Cheapest Natural Remedy for Eczema
I am going to be honest about what I think is (possibly) the cheapest natural remedy for eczema, in the name of epsom salt.
There is no medical or scientific proof that epsom salt is good for eczema, or any other common ailment we think it works for, such as muscle ache. Much of the evidence that swears by the effectiveness of epsom salt as a natural remedy for itchy skin is anecdotal, at best.
But I am not about to denounce this popular natural remedy for eczema. It just means there hasn't been a formal clinical study done on it. If you and I both know it to work, that's all that matters. I feel that the path of eczema treatment is all about trial and error, so I try to keep an open mind.
How I Found Epsom Salt
I am always on the lookout for cheap and easy natural treatments for eczema that are kind on both my wallet and my skin. I only knew of epsom salt because my husband used to have a horrible case of ingrown toenail and he had used it to treat his infection. So I trusted the method somewhat, despite the "folksy" or the "old wives' tale"-sounding nature of it.
But it never occurred to me to use epsom salt to treat my skin until I was looking at my childhood photos.
I used to go to the beach a lot. I think it's common knowledge that sea-bathing tends to improve skin conditions like eczema and psoriasis. I never quite understood why, except knowing that salt in the seawater has an antiseptic quality. Since eczema skin is more prone to bacterial infections, it made sense that my skin would improve after my trip to the beach.
Since going to the beach all the time became impractical as I grew older, there had to be a way to duplicate the success of my numerous beach trips, at my own home. I had heard of the Dead Sea doing wonders for skin diseases, and since going all the way to Israel to soak in the Dead Sea was even more impractical, the next best thing was the commercially packaged Dead Sea salts.
Except...they were so darn expensive!
Enter epsom salt, which I dubbed as "A Poor Man's Dead Sea Salt."
According to Wikipedia, epsom salt, or magnesium sulfate, can be absorbed into the skin, reducing inflammation.
Unfortunately, the gimmicky part is that epsom salt is basically being touted as a panacea for all kinds of muscle aches and major skin conditions. I figured there is no harm in trying, so I started using it in my regular baths.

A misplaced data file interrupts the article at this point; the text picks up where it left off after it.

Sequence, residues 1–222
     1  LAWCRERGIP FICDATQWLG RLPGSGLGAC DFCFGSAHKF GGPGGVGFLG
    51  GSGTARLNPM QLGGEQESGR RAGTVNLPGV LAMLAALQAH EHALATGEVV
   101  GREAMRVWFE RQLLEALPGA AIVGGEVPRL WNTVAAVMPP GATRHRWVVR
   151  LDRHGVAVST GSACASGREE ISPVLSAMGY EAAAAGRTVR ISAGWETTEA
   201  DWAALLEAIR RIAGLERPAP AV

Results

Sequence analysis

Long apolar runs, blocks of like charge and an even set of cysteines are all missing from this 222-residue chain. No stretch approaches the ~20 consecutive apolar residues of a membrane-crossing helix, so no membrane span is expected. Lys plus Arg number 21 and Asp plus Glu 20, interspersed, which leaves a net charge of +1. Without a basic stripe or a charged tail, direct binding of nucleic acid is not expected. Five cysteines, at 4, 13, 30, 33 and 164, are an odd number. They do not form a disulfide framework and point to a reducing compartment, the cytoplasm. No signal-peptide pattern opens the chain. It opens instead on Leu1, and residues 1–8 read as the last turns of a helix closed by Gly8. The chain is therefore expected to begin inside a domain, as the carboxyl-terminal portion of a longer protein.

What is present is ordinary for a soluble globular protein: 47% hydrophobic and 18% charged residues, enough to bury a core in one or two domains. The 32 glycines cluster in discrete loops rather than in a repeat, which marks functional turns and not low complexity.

I am not going to lie and say my eczema went away in an instant, or even after few baths, but I did notice that my skin felt a lot better, as in softer and less itchy. There could be two things at work here:
- Placebo effect - I am using epsom salt with the expectation that it would help my skin, therefore it seems like it works.
- Regular bathing is good for the skin anyway.
But I still like to use it, if anything, for the visibly coarse salt acting as a wonderful exfoliant against my skin. I think it's a good natural remedy for eczema, since epsom salt can be picked up at any drugstore for less than 5 dollars and it doesn't contain anything harmful.
I pour two cups of epsom salt into the tub filled with lukewarm water before my bath - nothing fancy. The water turns visibly soft after the salt is added. Then I just soak in it for 10 to 15 minutes and give myself a gentle exfoliation with my loofah sponge.
Caution: it might sting a bit if your skin is raw. My trips to the beach left me in tears because my skin stung so much. They gave a new meaning to "rubbing salt in your wounds" and "natural eczema cure" (as in "curing" my skin with salt).
I get tired of people telling me what's good for eczema, but sometimes a good natural remedy for eczema seems worth a try. I think the feeling of doing something positive for my skin is important.
There may be no medical basis for many so-called natural skincare tips, but there is a large community of people who have benefited from trying out different things, even if some of them sound a bit hokey. If it doesn't propose too much financial burden, I am always willing to try anything - sometimes the result can be surprisingly pleasant.
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